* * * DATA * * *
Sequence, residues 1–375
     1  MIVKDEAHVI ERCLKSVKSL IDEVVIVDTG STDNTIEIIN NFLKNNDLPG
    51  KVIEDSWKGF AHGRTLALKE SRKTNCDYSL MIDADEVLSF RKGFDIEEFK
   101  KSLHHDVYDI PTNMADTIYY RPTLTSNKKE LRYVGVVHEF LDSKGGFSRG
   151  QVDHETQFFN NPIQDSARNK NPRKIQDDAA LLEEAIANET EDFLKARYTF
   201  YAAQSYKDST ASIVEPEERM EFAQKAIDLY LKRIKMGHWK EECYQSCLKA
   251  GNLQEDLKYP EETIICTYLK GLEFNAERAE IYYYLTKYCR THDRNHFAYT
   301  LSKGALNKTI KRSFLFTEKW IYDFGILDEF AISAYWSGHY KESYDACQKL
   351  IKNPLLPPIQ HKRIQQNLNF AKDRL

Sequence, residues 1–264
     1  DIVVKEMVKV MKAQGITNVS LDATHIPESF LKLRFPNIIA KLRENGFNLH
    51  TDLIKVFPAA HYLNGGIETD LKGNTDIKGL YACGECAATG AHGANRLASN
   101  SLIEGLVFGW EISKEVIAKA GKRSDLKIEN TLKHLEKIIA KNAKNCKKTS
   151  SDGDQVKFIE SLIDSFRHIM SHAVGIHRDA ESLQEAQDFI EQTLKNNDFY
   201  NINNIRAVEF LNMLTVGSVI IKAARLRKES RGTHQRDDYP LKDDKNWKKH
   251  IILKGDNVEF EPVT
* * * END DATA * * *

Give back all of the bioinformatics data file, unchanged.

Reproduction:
Sequence, residues 1–375
     1  MIVKDEAHVI ERCLKSVKSL IDEVVIVDTG STDNTIEIIN NFLKNNDLPG
    51  KVIEDSWKGF AHGRTLALKE SRKTNCDYSL MIDADEVLSF RKGFDIEEFK
   101  KSLHHDVYDI PTNMADTIYY RPTLTSNKKE LRYVGVVHEF LDSKGGFSRG
   151  QVDHETQFFN NPIQDSARNK NPRKIQDDAA LLEEAIANET EDFLKARYTF
   201  YAAQSYKDST ASIVEPEERM EFAQKAIDLY LKRIKMGHWK EECYQSCLKA
   251  GNLQEDLKYP EETIICTYLK GLEFNAERAE IYYYLTKYCR THDRNHFAYT
   301  LSKGALNKTI KRSFLFTEKW IYDFGILDEF AISAYWSGHY KESYDACQKL
   351  IKNPLLPPIQ HKRIQQNLNF AKDRL

Sequence, residues 1–264
     1  DIVVKEMVKV MKAQGITNVS LDATHIPESF LKLRFPNIIA KLRENGFNLH
    51  TDLIKVFPAA HYLNGGIETD LKGNTDIKGL YACGECAATG AHGANRLASN
   101  SLIEGLVFGW EISKEVIAKA GKRSDLKIEN TLKHLEKIIA KNAKNCKKTS
   151  SDGDQVKFIE SLIDSFRHIM SHAVGIHRDA ESLQEAQDFI EQTLKNNDFY
   201  NINNIRAVEF LNMLTVGSVI IKAARLRKES RGTHQRDDYP LKDDKNWKKH
   251  IILKGDNVEF EPVT